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Garcinol suppresses inflammation-associated colon carcinogenesis in mice




Garcinol is a polyisoprenylated benzophenone derivative isolated from the fruit rind of Garcinia indica and has exhibited chemopreventive effects on azoxymethane)-induced colonic aberrant crypt foci in mice. In this study, we investigated whether garcinol protects against dextran sulfate sodium (DSS) induced colitis/inflammation and azoxymethane/DSS-induced inflammation-related colon tumorigenesis in male ICR mice. We also aimed to delineate the possible molecular mechanisms responsible for these effects.

Methods and results

Treatment with garcinol prevented shortening of the colon length and the formation of aberrant crypt foci and improved the inflammation score in the mouse colon stimulated by DSS. Moreover, administration of garcinol markedly decreased DSS-induced inducible nitric oxide synthase, cyclooxygenase-2, and proliferating cell nuclear antigen protein expression. The dietary administration of garcinol effectively reduced the tumor size and incidence in the mouse colon. Western blot and immunohistochemical analysis revealed that administration of garcinol significantly downregulated cyclooxygenase-2, cyclin D1, and vascular endothelial growth factor expression via inhibition of the extracellular signal-regulated protein kinase 1/2, phosphatidylinositol 3 kinase/Akt/p70 ribosomal S6 kinase, and Wnt/β-catenin signaling pathways.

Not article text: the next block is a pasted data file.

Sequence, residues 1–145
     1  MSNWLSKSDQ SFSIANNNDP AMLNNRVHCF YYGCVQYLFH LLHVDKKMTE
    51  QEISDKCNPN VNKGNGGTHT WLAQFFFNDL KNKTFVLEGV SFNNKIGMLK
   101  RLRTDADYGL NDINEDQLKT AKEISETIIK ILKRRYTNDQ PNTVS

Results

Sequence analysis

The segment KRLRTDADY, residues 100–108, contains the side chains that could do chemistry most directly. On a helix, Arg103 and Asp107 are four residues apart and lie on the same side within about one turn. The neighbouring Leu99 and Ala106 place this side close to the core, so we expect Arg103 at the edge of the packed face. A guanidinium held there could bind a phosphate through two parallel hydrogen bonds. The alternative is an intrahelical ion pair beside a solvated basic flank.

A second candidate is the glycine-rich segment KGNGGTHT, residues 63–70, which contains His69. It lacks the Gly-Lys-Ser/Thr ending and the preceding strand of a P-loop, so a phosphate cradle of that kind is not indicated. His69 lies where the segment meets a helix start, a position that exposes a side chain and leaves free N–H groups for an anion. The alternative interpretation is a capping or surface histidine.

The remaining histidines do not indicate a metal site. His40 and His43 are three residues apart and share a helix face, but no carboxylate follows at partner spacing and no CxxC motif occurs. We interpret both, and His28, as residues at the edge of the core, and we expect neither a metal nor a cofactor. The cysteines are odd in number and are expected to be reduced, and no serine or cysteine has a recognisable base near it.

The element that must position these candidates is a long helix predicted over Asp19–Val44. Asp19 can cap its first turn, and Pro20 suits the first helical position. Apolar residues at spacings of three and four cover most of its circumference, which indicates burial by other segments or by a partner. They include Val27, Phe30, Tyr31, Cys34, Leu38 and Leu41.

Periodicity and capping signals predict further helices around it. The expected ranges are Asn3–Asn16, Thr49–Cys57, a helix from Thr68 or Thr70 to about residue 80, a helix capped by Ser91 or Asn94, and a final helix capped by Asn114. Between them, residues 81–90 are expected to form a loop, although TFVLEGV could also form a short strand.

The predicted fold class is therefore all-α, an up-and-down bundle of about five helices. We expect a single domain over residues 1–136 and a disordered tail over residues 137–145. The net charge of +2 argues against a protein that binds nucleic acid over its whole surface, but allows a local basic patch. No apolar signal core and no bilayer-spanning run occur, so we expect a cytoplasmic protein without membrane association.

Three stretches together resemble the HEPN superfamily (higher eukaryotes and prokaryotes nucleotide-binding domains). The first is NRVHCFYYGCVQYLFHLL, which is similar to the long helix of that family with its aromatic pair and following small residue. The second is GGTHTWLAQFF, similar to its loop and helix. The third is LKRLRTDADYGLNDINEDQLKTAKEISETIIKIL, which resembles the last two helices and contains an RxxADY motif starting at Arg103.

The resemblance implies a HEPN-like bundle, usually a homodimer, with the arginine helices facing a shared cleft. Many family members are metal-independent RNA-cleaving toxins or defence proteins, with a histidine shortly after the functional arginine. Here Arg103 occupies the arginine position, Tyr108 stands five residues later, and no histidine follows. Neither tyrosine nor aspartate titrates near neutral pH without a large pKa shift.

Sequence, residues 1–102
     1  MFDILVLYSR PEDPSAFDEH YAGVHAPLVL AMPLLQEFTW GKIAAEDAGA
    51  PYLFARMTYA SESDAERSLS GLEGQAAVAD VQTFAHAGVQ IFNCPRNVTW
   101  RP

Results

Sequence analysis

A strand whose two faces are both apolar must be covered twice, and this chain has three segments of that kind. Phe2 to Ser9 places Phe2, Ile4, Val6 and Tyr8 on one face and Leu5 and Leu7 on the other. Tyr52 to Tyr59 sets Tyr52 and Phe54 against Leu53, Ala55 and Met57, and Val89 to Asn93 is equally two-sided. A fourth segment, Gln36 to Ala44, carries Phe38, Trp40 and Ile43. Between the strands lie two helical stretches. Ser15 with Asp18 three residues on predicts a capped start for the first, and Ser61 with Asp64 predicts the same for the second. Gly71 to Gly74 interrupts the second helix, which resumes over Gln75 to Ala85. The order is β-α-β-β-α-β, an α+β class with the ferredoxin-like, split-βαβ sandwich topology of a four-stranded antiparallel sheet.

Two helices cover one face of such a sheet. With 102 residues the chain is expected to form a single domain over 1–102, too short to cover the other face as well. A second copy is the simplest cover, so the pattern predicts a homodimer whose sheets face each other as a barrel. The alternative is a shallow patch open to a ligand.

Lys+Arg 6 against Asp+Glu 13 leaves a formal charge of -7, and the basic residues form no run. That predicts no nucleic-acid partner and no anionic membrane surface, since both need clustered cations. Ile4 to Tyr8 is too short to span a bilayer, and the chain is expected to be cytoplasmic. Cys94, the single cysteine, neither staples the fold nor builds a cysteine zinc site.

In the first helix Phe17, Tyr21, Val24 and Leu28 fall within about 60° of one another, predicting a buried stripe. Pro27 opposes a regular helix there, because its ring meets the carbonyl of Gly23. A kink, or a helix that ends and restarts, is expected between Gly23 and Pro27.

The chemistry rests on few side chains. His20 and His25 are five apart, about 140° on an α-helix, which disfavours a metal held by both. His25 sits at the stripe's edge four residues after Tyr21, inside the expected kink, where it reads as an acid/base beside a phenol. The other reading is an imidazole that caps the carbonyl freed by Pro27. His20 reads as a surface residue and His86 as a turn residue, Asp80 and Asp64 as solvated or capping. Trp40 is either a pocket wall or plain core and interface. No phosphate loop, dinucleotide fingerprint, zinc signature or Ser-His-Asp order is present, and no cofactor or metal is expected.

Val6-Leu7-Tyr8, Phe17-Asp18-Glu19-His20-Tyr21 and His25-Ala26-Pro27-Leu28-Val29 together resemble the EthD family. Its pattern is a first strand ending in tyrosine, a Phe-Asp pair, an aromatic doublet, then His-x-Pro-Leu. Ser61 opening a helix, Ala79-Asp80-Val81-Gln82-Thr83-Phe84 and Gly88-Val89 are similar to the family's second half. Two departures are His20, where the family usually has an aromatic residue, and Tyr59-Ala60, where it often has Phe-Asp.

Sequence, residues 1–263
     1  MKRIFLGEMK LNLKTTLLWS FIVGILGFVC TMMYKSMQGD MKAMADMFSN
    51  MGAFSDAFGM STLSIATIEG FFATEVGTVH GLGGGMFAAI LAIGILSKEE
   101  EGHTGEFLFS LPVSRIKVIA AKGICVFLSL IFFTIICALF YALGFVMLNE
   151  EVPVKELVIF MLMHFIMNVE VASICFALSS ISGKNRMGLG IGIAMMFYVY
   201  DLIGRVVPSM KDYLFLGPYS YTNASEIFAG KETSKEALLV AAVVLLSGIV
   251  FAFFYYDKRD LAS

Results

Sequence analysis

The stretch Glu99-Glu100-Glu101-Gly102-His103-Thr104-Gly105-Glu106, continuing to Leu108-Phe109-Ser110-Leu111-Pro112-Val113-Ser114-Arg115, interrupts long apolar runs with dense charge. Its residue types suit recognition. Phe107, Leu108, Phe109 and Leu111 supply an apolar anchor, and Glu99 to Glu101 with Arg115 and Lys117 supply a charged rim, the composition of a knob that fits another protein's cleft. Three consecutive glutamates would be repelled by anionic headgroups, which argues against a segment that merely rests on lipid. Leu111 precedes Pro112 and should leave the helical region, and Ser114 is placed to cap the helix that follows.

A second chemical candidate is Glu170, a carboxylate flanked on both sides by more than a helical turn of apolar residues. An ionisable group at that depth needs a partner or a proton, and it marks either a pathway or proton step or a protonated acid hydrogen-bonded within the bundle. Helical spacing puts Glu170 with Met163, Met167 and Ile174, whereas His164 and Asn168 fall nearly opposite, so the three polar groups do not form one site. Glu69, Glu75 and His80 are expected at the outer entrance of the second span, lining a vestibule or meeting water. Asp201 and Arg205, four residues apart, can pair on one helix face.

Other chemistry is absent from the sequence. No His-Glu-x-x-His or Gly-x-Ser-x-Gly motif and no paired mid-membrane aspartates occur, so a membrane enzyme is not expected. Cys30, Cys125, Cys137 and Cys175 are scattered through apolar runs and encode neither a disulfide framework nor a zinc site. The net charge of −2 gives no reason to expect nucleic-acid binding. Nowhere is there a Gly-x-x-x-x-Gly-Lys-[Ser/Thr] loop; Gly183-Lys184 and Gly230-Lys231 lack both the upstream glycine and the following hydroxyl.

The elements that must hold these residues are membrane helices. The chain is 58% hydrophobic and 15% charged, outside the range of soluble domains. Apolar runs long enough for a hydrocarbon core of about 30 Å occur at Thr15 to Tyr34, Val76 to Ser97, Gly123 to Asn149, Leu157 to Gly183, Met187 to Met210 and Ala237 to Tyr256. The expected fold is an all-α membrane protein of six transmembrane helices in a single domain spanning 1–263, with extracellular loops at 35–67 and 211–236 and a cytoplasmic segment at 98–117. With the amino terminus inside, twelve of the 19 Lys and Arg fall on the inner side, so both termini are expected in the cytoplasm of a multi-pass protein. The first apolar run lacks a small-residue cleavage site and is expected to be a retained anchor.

Our results suggest that garcinol may merit further clinical investigation as a chemoprophylactic food that helps prevent colitis-associated colon cancer.